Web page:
Accents

The Australian accent is one of the main ways people recognise this variety of English, but there is definitely more than one way to speak English in Australia, and more than one type of Australian accent. Australian English does not show dramatic dialectal differences across the country, as you might hear in places like the United Kingdom, but there are subtle variations in pronunciation that you can tune into in different geographic regions. Cutting across this are the three recognised major subgroups of Australian English, for which accent is an important marker: Standard Australian English, Aboriginal English, and Ethnocultural Australian English, all with their own variation. People can also move between speaking different types of Australian English, depending on contextual and individual factors.

 


Reference: The Australian Voices website, by Felicity Cox and Sallyanne Palethorpe at Macquarie University, celebrates the many different ways of speaking Australian English. It has lots of information, audio clips, and examples about how the language is spoken now, and what it sounded like in the past. The Australian accent page is a good introductory summary.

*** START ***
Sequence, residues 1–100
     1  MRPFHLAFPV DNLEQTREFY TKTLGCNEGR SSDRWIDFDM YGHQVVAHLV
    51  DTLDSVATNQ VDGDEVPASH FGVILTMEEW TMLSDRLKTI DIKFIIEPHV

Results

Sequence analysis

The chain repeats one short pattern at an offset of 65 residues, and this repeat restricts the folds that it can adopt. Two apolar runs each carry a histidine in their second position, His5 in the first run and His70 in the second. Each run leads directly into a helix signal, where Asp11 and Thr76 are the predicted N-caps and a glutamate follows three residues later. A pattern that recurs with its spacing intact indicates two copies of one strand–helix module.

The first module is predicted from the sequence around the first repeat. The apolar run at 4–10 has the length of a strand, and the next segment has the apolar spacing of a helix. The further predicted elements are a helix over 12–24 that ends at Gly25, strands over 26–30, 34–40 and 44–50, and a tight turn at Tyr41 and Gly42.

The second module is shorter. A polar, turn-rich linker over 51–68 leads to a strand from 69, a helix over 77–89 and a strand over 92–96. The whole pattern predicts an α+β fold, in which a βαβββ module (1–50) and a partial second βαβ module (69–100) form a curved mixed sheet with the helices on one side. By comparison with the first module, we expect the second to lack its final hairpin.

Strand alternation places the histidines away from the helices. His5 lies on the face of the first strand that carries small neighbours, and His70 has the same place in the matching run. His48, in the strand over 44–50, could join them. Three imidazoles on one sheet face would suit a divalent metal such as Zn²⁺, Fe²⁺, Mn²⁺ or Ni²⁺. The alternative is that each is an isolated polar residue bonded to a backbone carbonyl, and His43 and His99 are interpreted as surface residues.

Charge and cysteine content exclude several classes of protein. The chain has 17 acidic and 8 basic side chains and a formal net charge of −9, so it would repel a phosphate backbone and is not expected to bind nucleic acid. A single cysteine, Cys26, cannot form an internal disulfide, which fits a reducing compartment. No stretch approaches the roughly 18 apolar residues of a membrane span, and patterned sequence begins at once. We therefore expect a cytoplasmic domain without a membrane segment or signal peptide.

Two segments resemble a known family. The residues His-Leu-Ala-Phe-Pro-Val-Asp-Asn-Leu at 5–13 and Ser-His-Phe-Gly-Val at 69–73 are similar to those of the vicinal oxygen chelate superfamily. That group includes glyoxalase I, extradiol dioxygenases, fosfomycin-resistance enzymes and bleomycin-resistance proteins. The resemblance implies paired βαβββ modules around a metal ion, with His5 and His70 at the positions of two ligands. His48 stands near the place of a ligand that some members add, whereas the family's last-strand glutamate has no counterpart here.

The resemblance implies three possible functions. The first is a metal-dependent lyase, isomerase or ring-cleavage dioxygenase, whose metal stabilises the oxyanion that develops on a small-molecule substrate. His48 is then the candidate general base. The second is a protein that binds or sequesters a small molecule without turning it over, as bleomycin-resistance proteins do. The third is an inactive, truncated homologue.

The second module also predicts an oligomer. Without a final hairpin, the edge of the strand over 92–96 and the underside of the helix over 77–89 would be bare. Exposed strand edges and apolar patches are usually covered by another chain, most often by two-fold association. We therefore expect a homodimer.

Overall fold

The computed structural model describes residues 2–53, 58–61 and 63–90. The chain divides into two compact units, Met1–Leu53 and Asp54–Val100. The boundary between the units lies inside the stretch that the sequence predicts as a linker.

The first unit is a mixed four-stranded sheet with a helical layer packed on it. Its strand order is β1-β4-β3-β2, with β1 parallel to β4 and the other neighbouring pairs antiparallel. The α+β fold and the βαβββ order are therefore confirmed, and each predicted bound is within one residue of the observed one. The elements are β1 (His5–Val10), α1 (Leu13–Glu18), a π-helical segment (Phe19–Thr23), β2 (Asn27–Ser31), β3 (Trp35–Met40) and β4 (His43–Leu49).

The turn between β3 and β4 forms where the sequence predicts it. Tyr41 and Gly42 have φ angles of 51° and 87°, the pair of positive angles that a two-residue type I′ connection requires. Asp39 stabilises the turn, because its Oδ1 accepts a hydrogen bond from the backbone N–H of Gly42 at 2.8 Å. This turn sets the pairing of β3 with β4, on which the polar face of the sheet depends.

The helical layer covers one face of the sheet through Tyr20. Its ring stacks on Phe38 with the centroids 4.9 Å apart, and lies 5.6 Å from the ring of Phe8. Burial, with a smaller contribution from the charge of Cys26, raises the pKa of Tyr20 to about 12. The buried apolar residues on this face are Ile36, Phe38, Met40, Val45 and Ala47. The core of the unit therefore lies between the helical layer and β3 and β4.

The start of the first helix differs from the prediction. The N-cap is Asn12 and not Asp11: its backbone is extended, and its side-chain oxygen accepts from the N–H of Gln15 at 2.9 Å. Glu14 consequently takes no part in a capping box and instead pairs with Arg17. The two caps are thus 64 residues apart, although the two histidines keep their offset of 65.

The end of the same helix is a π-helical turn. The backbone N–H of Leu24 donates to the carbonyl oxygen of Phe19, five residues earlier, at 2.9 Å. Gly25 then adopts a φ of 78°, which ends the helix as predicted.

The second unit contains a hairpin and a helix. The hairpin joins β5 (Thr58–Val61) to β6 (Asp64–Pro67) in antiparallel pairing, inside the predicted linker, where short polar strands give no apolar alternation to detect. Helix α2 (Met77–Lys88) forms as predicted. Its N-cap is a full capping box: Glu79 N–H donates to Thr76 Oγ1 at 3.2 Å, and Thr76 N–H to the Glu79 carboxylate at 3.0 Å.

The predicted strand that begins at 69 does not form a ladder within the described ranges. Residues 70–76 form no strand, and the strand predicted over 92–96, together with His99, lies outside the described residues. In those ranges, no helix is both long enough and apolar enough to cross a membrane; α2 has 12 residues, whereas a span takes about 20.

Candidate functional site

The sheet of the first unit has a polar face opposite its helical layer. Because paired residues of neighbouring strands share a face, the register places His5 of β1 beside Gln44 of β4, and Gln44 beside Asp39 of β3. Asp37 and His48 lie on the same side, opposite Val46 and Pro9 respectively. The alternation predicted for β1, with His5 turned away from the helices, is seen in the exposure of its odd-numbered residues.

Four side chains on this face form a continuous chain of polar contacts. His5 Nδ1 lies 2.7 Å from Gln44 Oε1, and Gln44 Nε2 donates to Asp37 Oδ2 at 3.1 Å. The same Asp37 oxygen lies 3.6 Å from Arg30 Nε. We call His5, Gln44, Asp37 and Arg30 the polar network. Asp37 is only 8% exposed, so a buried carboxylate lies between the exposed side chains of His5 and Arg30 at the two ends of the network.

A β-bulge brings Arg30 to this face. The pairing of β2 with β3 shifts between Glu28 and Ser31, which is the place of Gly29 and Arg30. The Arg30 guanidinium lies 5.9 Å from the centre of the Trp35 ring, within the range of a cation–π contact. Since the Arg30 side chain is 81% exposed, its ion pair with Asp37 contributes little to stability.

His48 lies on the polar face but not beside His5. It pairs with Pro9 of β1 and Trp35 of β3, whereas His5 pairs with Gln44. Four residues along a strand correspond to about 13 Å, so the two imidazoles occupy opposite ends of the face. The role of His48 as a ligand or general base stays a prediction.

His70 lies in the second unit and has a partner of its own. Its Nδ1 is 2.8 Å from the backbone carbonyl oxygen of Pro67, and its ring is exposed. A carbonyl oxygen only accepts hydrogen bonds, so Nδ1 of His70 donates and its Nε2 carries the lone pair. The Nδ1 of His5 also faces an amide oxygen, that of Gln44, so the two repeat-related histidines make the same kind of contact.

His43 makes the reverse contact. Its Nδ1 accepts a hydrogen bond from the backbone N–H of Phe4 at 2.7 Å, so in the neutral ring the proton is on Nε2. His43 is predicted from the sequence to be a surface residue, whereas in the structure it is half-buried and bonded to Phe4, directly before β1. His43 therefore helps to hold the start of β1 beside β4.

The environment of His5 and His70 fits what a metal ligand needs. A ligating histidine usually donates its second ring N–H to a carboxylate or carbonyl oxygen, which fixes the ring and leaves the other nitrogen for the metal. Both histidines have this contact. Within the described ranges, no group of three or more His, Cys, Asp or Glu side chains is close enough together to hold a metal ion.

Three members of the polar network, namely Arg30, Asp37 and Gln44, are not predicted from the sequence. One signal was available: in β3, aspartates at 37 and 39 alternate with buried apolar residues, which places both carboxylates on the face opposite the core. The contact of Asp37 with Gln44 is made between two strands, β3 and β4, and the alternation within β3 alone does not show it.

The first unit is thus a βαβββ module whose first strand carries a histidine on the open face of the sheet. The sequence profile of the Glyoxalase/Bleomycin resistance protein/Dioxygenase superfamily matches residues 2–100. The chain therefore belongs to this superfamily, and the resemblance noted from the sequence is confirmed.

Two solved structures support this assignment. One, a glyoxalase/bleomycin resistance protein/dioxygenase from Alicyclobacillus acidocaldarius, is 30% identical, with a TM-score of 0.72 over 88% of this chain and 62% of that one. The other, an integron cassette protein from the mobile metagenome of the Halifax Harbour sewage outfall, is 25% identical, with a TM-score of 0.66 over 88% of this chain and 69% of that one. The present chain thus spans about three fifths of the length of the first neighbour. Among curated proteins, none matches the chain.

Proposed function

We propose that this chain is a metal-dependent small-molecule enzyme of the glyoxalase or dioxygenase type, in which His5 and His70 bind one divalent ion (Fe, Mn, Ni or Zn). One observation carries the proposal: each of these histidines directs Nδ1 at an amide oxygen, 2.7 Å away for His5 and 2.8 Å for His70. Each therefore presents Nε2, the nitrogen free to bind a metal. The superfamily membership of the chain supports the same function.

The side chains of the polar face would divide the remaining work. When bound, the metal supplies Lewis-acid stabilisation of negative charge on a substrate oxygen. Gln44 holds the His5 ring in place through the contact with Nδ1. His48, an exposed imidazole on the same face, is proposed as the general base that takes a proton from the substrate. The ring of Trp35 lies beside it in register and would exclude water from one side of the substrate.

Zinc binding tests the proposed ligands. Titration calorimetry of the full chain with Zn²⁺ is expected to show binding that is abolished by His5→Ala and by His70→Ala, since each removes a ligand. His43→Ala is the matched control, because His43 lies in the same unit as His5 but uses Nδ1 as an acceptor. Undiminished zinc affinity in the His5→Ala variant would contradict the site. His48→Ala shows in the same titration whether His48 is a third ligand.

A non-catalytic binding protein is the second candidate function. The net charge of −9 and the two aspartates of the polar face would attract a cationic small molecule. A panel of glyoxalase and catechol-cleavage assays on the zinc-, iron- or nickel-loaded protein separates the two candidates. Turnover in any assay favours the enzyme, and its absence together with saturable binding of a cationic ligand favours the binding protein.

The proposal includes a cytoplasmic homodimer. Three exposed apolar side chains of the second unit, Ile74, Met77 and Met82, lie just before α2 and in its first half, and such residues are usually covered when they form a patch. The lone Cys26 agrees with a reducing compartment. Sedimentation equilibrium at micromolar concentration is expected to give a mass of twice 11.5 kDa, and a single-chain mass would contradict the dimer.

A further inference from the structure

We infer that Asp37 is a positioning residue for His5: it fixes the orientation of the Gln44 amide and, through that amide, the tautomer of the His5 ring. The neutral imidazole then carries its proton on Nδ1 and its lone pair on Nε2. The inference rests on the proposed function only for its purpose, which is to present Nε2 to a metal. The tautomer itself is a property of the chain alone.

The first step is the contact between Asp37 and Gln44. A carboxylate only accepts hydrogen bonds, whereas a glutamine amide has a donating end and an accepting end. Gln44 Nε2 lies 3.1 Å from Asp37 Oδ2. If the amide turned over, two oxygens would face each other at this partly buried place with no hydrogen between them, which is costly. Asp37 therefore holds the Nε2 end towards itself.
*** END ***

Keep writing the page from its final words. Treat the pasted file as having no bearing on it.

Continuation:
Audio illustrations: Also on the Australian Voices site, you can find a detailed overview of some of the main pronunciation features that reveal an Australian accent, and some of the ways these vary for different speakers, with example audio clips. The page for the Australian Ancestors Project includes recordings of historical voices, and you can follow the timeline of accent change to find out more about the evolution of an accent.


Accent mapping:  Do you pronounce ‘celery’ and ‘salary’ the same way? How do you pronounce the ‘a’ in castle and dance? Well, it might depend on where you live in Australia – find out more on Macquarie University’s regional accents page.


Ethnocultural voices: Info on different ethnocultural varieties of Australian English, which have emerged among people whose families migrated from countries in which other languages were spoken. Hear some Lebanese Australian English and Vietnamese Australian English.


Classroom info:  Aboriginal English has a lot in common with other types of Australian English, but there are also distinctive features in the accent, vocabulary, grammar, and meaning used by speakers of this variety, and these can differ across the country.To learn all about Aboriginal English, including its history, use, and linguistic features, see this description of Aboriginal English written by Diana Eades.

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